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Posted on Tue, Oct 30, 2012 : 7:40 a.m.

Hurricane Sandy impact: High winds, power outages reported in Ann Arbor area

By Cindy Heflin


Daniel Brenner |

Editor's note: This article was updated with information from the cities of Ann Arbor and Ypsilanti at 10:40 a.m.

Hurricane Sandy, while dealing a cruel and deadly blow to cities in the Northeast, extended her nasty reach into southeast Michigan, stirring up howling winds that knocked out power, downed tree limbs and closed some schools.


AP graphic

Workers in the City of Ann Arbor’s Forestry Department reported being busy in the early morning hours clearing tree limbs from sidewalks and roadways.

In Ypsilanti, city employees were called in to work overnight to remove a large tree limb that fell at 416 Pearl Street.

About 3,000 customers of DTE Energy were without power in Washtenaw County, a fraction of the 56,000 total in southeast Michigan, said spokesman Scott Simons.

The bulk of the outages in Washtenaw County appeared to be in Scio Township, where about 1,500 customers were without power and north of Chelsea, were another 1,100 were powerless.

It could be a while before the power comes back. The DTE power outage map included a restoration estimate of Wednesday for the Chelsea-area outage, but Simons said he wasn't sure that was accurate.

"The winds are continuing to blow, so the numbers are continuing to go up," he said.

A wind advisory is in effect until 1 p.m. Tuesday. Forecasters warn that north winds of 15 to 25 mph will be possible, causing gusts of 35 to 45 mph through the morning.

Drivers heading onto east-west roads are urged to take special caution, according to the advisory.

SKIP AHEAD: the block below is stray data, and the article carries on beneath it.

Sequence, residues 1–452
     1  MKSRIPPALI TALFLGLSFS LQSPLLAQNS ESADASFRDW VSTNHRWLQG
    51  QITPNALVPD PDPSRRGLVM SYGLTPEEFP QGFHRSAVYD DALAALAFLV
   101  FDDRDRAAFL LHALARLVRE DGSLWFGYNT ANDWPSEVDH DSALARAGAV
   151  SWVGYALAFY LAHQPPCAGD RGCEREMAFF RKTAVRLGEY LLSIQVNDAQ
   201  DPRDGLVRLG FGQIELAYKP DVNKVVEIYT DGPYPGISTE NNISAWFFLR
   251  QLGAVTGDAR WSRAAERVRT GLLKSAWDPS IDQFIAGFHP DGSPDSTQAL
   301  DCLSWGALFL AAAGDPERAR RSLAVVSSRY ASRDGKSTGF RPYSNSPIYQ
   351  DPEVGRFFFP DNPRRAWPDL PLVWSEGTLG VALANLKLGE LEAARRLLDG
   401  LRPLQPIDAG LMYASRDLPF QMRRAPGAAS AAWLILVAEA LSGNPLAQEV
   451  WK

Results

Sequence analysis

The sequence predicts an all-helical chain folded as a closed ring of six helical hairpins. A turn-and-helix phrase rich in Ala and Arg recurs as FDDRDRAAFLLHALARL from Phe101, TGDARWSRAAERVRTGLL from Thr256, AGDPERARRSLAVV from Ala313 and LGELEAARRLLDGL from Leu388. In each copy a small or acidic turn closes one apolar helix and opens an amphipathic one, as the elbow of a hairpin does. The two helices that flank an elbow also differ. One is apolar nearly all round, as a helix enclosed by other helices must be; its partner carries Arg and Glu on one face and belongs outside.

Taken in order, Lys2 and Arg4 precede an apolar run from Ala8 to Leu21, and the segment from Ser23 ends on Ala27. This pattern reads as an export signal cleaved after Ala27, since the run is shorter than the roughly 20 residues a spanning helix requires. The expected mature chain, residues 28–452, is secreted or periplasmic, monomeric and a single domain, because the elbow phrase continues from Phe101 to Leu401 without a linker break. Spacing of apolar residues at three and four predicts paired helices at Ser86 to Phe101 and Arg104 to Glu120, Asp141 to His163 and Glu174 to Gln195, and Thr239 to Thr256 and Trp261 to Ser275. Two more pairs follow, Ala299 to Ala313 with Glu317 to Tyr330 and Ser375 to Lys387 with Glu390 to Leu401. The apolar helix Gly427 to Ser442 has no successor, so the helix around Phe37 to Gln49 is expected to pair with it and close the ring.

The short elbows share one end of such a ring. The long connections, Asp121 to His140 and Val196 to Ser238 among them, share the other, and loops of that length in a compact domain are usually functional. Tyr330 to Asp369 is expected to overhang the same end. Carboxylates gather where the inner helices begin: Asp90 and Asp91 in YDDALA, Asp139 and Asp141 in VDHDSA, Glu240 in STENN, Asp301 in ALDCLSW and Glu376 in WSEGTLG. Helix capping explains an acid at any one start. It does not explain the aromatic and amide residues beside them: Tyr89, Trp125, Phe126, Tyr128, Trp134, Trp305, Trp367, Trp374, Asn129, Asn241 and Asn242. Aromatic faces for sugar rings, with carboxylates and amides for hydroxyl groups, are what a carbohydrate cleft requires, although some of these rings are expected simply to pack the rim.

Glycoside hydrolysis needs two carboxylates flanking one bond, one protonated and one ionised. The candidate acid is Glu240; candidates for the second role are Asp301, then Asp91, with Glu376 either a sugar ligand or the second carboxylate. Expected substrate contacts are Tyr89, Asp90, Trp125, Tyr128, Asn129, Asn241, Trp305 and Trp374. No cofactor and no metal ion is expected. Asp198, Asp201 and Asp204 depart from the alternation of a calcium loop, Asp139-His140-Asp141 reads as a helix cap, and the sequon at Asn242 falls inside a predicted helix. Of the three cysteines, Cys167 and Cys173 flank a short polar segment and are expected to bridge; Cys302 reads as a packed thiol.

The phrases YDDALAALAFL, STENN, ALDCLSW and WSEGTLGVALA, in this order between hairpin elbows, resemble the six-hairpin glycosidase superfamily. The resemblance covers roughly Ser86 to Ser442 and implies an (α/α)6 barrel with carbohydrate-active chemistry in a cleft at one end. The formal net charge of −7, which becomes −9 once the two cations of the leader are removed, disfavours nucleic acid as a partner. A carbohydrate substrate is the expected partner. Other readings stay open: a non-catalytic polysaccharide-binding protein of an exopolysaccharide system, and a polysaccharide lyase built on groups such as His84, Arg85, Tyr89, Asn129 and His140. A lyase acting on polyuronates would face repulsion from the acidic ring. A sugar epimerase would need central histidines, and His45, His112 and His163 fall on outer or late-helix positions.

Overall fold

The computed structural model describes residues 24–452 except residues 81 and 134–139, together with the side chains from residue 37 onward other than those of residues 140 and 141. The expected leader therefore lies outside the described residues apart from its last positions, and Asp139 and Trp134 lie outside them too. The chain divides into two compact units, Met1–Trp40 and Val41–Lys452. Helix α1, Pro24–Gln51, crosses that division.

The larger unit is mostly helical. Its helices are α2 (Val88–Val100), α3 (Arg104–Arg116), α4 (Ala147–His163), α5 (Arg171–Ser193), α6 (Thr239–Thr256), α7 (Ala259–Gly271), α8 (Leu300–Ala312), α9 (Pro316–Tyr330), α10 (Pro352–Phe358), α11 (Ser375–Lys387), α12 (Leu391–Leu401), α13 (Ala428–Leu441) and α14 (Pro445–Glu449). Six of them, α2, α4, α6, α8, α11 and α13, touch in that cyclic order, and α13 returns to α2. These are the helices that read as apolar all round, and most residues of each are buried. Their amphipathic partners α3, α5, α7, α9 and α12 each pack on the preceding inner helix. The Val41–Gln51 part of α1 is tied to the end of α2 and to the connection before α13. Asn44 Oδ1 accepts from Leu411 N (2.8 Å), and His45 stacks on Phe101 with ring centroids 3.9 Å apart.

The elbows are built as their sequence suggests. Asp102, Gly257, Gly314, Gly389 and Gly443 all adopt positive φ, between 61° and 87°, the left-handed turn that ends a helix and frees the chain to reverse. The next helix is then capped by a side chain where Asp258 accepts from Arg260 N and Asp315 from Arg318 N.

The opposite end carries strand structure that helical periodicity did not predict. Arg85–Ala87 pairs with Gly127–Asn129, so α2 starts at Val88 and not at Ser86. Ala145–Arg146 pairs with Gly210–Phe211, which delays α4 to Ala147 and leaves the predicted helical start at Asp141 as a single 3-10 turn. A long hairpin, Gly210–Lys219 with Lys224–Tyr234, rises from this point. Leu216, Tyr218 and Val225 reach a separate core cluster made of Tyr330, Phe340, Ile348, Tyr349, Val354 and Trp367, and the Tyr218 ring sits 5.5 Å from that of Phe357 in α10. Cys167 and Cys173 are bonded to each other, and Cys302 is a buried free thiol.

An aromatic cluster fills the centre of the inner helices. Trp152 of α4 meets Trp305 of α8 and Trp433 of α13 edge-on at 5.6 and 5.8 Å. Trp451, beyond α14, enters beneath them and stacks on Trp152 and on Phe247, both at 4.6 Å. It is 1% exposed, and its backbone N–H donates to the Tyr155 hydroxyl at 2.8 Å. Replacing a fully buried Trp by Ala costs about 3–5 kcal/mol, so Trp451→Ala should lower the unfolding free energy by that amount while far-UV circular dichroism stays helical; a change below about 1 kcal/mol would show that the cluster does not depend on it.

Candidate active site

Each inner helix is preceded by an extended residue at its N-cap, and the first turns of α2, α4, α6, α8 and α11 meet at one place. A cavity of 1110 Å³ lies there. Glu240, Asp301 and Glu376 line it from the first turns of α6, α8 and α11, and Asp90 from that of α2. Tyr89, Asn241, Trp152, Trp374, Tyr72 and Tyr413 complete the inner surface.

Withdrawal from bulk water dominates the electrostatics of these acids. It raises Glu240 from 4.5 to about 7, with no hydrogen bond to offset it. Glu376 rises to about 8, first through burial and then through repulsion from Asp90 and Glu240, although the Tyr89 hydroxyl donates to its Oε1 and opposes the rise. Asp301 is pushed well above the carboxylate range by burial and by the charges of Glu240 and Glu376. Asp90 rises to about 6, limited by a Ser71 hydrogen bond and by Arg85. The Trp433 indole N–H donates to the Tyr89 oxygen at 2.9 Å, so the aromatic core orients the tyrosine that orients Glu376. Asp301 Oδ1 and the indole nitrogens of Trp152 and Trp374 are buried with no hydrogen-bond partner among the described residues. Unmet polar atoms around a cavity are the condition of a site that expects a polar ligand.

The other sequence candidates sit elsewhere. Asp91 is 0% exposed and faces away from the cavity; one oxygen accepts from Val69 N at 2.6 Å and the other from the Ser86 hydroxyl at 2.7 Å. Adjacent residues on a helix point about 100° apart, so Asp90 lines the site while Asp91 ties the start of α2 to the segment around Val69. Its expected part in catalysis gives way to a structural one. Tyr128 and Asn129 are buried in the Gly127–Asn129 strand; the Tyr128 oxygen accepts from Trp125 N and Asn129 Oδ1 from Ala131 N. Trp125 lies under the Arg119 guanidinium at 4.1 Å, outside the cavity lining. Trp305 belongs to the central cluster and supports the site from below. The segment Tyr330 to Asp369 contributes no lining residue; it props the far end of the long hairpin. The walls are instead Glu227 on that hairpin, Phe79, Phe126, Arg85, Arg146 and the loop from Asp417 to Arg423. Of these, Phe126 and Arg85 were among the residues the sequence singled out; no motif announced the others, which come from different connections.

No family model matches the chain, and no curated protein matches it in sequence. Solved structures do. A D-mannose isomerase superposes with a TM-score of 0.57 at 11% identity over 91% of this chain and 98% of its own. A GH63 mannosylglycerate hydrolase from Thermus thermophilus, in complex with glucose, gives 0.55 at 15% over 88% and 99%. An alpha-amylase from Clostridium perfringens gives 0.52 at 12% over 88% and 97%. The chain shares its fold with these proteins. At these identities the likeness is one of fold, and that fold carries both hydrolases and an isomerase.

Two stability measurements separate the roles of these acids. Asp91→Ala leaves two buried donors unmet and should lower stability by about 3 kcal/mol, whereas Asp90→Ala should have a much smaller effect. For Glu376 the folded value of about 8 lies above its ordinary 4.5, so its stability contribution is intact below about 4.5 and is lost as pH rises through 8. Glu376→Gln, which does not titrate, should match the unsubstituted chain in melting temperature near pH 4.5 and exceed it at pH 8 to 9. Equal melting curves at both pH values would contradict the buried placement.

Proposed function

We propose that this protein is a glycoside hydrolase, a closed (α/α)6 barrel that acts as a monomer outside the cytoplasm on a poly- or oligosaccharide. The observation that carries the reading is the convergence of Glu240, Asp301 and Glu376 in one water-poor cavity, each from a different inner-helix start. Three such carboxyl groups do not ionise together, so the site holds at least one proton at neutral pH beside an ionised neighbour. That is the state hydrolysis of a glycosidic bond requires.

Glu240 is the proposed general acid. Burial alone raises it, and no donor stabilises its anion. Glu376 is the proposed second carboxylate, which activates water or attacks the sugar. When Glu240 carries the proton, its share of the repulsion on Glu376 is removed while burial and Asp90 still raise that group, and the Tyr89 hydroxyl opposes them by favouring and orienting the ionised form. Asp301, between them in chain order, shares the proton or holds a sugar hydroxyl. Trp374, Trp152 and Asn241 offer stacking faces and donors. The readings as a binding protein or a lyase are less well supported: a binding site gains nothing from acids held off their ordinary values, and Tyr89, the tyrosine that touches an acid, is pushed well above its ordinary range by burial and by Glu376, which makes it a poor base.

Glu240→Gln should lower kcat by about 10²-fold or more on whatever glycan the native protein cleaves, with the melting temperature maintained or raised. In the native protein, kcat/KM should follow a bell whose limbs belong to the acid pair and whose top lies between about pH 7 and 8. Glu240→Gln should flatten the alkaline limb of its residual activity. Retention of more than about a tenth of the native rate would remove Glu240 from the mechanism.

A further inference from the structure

Washtenaw County Road Commission crews had been out all night removing downed limbs and trees, Jim Harmon, director of operations said Tuesday morning. Reports of such damage were too numerous to mention, a dispatcher with the Washtenaw County Sheriff's Office said just before 7:30 a.m.

Sandy is also throwing an icy mix of precipitation our way. The National Weather Service said the Ann Arbor area would have snow, possibly mixed with rain, Tuesday morning. It will change to all rain after noon.

The weather is prompting school closings: High Point School on South Wagner Road and the Teaching and Learning Center on the Washtenaw Intermediate School District campus is closed today, officials said. All other WISD programs will operate as scheduled.

Other closings in Washtenaw County included Whitmore Lake Elementary School and Honey Creek Community School.

As Sandy stormed ashore in the Northeast, at least 17 people died and more than 7 million people were without power, the Associated Press reported. New York and New Jersey were hit particularly hard. Damage included widespread flooding. President Barack Obama declared a major disaster in New York City and Long Island, AP reported.

Along the Lake Michigan shoreline, wind gusts of more than 40 mph were recorded Monday night as a gale warning continues through Wednesday from Saint Joseph to Manistee.